b.17 June 1904 d.5 April 1985
MB ChB Liverp(1926) MRCP(1948) FRCP(1966)
Douglas Blair Macaulay was a well known consultant allergist to the Liverpool teaching hospitals, having previously spent some time as a general practitioner in Crosby. He was born in Perth, Scotland. When Blair was only thirteen weeks old his father died and, because his mother had a job, young Blair was brought up by his grandparents and aunts who all held deeply Calvinistic principles so that, as Bryan Walker wrote in the Transactions and report l979-80 of the Liverpool Medical Institution: ‘Everything that was fun was sinful: no cards, no smoking, no drinking, no dancing and church three times on a Sunday. It was therefore no wonder that when he arrived at the Medical School he fell in with a particularly jolly band of students, one of whom he later married.’ She was Mary Hope Simpson (her father an MP, her brother second master at Rugby) and they established an excellent practitioner partnership, with other associates, which lasted from 1927-47. Blair gave time and thought to allergy, while ‘Maisie’ was largely interested in women’s problems, writing two good books, The Art of Marriage, London, Delisle, 1956 (a revised and enlarged edition, and later published as a Penguin Handbook No.PH35 in 1957), and Marriage for the Married, London, Dei isle, 1964. Both of them volunteered for Army service during the war but were rejected on the ground of high blood pressure. Nevertheless, when not engaged in his arduous practice, Blair was apparently well enough to act as a major in the Home Guard, in charge of the first aid post at Seaforth Docks - no sinecure in the bombings of 1941.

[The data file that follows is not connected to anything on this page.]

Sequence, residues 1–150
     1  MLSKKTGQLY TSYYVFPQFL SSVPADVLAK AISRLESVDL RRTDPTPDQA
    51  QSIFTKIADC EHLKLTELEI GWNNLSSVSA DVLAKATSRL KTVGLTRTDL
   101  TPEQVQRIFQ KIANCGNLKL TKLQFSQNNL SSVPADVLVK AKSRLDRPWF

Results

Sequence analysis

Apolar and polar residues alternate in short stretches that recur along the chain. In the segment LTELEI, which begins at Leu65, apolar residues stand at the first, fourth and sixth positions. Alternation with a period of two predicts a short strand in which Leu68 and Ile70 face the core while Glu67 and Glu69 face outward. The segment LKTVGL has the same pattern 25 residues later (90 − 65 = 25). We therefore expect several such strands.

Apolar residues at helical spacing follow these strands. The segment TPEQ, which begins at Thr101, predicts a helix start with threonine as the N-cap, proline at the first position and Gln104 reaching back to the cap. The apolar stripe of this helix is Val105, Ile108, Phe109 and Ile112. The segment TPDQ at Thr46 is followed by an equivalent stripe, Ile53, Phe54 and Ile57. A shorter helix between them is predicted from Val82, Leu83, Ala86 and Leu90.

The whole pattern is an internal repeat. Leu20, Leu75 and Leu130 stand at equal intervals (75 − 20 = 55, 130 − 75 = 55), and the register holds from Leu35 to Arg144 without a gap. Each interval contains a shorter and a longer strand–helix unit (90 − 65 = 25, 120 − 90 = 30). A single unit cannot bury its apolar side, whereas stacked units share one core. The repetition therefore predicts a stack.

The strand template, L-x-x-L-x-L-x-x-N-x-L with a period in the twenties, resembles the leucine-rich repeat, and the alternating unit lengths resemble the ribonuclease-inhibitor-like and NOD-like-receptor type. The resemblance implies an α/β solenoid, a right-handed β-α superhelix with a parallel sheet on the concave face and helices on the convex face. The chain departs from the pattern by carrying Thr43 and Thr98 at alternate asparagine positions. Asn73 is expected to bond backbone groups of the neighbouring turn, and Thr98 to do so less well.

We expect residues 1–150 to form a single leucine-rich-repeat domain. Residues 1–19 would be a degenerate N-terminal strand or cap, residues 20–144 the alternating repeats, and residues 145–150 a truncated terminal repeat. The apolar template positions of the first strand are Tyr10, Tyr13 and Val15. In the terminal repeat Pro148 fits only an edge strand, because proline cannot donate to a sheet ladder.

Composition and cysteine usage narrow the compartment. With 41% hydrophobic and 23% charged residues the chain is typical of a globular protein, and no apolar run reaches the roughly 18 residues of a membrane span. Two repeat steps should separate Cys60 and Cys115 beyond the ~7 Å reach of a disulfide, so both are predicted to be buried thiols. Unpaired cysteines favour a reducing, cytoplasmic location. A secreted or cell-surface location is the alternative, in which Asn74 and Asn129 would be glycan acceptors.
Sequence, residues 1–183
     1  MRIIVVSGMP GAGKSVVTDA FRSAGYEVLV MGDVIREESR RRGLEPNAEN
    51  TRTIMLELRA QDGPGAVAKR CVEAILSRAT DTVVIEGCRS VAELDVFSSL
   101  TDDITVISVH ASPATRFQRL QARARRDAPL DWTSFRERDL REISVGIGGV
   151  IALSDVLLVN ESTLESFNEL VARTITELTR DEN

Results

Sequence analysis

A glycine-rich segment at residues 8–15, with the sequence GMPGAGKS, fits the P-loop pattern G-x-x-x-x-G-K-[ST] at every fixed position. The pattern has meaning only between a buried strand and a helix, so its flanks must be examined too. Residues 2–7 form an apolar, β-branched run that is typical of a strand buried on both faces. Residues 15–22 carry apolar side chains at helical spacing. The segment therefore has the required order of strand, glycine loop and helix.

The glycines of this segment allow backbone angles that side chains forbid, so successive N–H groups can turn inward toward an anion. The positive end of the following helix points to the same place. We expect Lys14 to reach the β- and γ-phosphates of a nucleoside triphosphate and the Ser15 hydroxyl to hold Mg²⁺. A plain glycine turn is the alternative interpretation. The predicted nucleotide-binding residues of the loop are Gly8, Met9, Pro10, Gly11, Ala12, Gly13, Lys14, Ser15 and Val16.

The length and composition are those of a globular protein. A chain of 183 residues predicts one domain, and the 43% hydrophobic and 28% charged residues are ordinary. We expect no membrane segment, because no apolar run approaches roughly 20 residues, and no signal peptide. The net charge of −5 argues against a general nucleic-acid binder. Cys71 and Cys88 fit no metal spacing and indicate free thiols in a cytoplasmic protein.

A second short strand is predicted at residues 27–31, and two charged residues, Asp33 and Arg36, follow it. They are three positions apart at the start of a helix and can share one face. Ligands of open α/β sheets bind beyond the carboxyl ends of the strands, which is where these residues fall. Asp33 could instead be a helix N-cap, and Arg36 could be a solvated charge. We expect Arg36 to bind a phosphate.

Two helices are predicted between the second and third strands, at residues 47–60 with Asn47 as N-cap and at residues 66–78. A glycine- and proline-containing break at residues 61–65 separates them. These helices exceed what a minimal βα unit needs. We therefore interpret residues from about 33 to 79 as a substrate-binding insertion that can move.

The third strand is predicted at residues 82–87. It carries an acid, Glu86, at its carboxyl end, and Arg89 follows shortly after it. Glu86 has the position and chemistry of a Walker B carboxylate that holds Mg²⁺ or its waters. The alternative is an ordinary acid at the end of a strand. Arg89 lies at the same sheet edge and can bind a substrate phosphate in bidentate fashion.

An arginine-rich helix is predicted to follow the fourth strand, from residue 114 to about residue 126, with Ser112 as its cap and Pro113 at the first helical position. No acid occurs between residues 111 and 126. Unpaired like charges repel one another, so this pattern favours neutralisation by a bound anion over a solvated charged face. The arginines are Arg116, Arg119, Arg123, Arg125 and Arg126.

Blair’s career changed when, in 1946, he was invited to run an allergy clinic at the ENT hospital. In 1948, very sensibly, he obtained his MRCP; he was a regular attender at the writer’s Sunday morning teaching sessions. He therefore qualified as consultant allergist to the United Liverpool Hospitals with the coming of the NHS. He soon developed a thriving and widespread practice, and further appointments followed at the Chest, and Bootle Hospitals. In 1946 allergy had not yet gained official approval as a specialty and many of his senior colleagues equated it with quackery, but that word very soon disappeared from their vocabulary. Blair taught well, and he was very knowledgeable about the importance of psychological factors on allergic disorders.
In presenting Blair for life membership of the Liverpool Medical Institution in 1979, Bryan Walker recalled an interesting episode in his life: ‘While on a visit to the USA as British representative on the International Committee of Allergology, Blair received a note at his Washington hotel saying that President Kennedy wished to see him urgently. Blair, suitably flattered, hastened to The White House and was ushered along innumerable corridors by armed gaurds, each with a ‘marksman’ badge on his uniform. At each stage of what seemed an interminable journey, Blair could not help but wonder what particular allergy he was going to have to deal with - asthma? hay fever? or merely a wasp sting? At last he arrived at a small ante-room. The door of the next room was open and there he could see the most powerful man in the world talking to his physician, an eminent New York woman practitioner. Presently she came out and very apologetically told Blair that they had been wrongly informed that he was a rheumatologist and that the President, after all, did not wish to consult him. And so a somewhat crestfallen Blair Macaulay had to retrace his steps, still with his armed guards, all the way back again.’
In his spare time Blair wrote good poetry, knew a great deal about flowers and plants, and cultivated a perfect garden. A great sadness overtook him in 1983 when his son, Michael, died suddenly of cardiac arrhythmia. He was survived by his wife and elder son, a pathologist in Canada.
Sir Cyril Clarke
[Brit.med.J., 1985,290,1593; Liverpool med.Inst.,Trans.and rep., 1979-1980]
(Volume VIII, page 296)
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